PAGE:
As from April 2013 my Journey in Investing is to create Retirement Income for Life till 80 years old for two over market cycles of Bull and Bear.

Click to email CW8888 or Email ID : jacobng1@gmail.com



Welcome to Ministry of Wealth!

This blog is authored by an old multi-bagger blue chips stock picker uncle from HDB heartland!

"The market is not your mother. It consists of tough men and women who look for ways to take money away from you instead of pouring milk into your mouth." - Dr. Alexander Elder

"For the things we have to learn before we can do them, we learn by doing them." - Aristotle

It is here where I share with you how I did it! FREE Education in stock market wisdom.

Think Investing as Tug of War - Read more? Click and scroll down



Important Notice and Attention: If you are looking for such ideas; here is the wrong blog to visit.

Value Investing
Dividend/Income Investing
Technical Analysis and Charting
Stock Tips

Sunday, 21 February 2010

Warren Buffett's Worst Mistakes

by Eric Fontinelle
Monday, February 22, 2010

Warren Buffett is widely regarded as one of the most successful investors of all time. Yet, as Buffett is willing to admit, even the best investors make mistakes. Buffett's legendary annual letters to his Berkshire Hathaway (BRK-A) shareholders tell the tales of his biggest investing mistakes.

There is much to be learned from Buffett's decades of investing experience, so I have selected three of Buffett's biggest mistakes to analyze.

Conoco Phillips
Mistake: Buying at the wrong price

In 2008, Buffett bought a large stake in the stock of Conoco Phillips (COP) as a play on future energy prices. I think many might agree that an increase in oil prices is likely over the long term and that Conoco Phillips will likely benefit. However, this turned out to be a bad investment, because Buffett bought in at too high of a price, resulting in a multibillion-dollar loss to Berkshire. The difference between a great company and a great investment is the price at which you buy stock, and this time around Buffett was "dead wrong." Since crude oil prices were well over $100 a barrel at the time, oil company stocks were way up.

Lesson Learned

It's easy to get swept up in the excitement of big rallies and buy in at a prices that you should not have -- in retrospect. Investors who control their emotions can perform a more objective analysis. A more detached investor might have recognized that the price of crude oil has always exhibited tremendous volatility and that oil companies have long been subject to boom and bust cycles.

Buffett says: "When investing, pessimism is your friend, euphoria the enemy."

U.S. Air
Mistake: Confusing revenue growth with a successful business

Buffett bought preferred stock in U.S. Air (LCC) in 1989 -- no doubt attracted by the high revenue growth it had achieved up until that point. The investment quickly turned sour on Buffett, as U.S. Air did not achieve enough revenues to pay the dividends due on his stock. With luck on his side, Buffett was later able to unload his shares at a profit. Despite this good fortune, Buffett realizes that this investment return was guided by lady luck and the burst of optimism for the industry.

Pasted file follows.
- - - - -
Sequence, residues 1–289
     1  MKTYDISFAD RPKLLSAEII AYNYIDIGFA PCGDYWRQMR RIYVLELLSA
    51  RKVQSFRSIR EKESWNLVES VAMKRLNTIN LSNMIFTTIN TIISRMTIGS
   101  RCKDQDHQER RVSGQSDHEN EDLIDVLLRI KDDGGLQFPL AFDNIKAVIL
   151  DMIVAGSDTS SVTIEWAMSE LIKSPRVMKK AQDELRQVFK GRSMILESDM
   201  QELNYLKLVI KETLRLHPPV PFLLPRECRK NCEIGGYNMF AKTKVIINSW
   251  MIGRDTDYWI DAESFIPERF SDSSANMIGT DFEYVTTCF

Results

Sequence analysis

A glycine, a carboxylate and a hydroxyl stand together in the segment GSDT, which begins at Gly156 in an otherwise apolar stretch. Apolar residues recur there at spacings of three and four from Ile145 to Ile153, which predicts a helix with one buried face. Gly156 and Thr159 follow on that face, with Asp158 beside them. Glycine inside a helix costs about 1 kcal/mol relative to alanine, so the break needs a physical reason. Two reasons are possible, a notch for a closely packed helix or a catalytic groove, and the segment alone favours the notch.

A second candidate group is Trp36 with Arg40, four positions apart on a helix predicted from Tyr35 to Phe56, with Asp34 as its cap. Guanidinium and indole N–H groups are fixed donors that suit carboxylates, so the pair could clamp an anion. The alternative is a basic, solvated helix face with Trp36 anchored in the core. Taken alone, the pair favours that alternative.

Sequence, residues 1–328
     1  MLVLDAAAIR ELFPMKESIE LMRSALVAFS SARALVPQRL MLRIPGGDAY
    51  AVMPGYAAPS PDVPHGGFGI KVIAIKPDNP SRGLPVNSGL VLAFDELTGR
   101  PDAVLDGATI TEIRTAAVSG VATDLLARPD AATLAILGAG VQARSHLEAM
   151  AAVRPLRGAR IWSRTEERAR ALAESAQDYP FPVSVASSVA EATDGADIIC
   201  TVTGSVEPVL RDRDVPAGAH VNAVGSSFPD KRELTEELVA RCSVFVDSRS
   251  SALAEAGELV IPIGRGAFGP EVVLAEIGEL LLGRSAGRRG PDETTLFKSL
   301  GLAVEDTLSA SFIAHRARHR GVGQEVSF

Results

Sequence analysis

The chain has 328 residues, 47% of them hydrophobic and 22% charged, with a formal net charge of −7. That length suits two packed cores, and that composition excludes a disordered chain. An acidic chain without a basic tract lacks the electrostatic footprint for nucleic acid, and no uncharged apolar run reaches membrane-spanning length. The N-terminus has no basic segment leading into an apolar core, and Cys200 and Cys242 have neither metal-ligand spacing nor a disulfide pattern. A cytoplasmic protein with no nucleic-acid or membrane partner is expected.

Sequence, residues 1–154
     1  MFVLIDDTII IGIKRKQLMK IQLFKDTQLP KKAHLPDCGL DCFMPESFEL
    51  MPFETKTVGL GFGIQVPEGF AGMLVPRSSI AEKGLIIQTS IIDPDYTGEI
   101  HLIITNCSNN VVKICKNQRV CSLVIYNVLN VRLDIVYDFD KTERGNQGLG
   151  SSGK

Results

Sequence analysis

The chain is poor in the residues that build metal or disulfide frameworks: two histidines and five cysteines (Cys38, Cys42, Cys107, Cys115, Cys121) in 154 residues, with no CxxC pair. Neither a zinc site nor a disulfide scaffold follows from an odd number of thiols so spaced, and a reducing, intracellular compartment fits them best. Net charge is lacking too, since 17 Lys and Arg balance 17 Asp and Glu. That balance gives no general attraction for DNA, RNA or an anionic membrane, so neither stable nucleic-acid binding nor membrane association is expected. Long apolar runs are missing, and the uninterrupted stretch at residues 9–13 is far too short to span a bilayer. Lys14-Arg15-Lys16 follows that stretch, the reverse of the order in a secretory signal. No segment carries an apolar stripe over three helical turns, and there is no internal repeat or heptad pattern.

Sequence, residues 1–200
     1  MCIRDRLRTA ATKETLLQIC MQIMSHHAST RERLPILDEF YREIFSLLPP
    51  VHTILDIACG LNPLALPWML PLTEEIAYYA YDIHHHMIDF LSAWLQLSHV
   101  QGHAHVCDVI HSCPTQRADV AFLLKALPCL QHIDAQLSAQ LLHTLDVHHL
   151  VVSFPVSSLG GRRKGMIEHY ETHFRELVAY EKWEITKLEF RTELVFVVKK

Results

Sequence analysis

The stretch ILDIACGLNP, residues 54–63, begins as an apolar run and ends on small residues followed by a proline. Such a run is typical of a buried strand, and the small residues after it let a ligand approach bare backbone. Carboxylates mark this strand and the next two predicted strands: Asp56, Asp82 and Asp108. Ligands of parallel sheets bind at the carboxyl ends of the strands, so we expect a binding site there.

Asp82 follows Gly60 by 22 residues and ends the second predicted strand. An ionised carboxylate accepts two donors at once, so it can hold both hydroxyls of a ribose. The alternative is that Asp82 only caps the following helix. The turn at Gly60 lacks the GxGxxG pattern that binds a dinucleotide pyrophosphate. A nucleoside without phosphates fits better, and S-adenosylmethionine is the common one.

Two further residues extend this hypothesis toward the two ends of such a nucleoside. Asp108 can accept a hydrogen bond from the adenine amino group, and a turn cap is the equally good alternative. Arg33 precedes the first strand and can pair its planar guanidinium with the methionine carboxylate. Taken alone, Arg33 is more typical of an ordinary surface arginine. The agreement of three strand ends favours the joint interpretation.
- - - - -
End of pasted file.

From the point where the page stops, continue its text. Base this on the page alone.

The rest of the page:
Lesson Learned

As Buffett points out in his 2007 letter to Berkshire shareholders, sometimes businesses look good in terms of revenue growth but require large capital investments all along the way to enable this growth. This is the case with airlines, which generally require additional aircraft to significantly expand revenues. The trouble with these capital-intensive business models is that by the time they achieve a large base of earnings, they are heavily laden with debt. This can leave little left for shareholders and makes the company highly vulnerable to bankruptcy if business declines.

Buffett says: "Investors have poured money into a bottomless pit, attracted by growth when they should have been repelled by it."

Dexter Shoes
Mistake: Investing in a company without a sustainable competitive advantage

In 1993, Buffett bought a shoe company called Dexter Shoes. Buffett's investment in Dexter Shoes turned into a disaster because he saw a durable competitive advantage in Dexter that quickly disappeared. According to Buffett, "What I had assessed as durable competitive advantage vanished within a few years." Buffett claims that this investment was the worst he has ever made, resulting in a loss to shareholders of $3.5 billion.

Lesson Learned

Companies can only earn high profits when they have some sort of a sustainable competitive advantage over other firms in their business area. Wal-Mart (WMT) has incredibly low prices. Honda (HMC) has high-quality vehicles. As long as these companies can deliver on these things better than anyone else, they can maintain high profit margins. If not, the high profits attract many competitors that will slowly eat away at the business and take all the profits for themselves.

Buffett says: "A truly great business must have an enduring "moat" that protects excellent returns on invested capital."

The Bottom Line

While making mistakes with money is always painful, paying a few "school fees" now and then doesn't have to be a total loss. If you analyze your mistakes and learn from them, you might very well make the money back next time. All investors, even Warren Buffett, must acknowledge that mistakes will be made along the way.

No comments:

Post a Comment

Related Posts with Thumbnails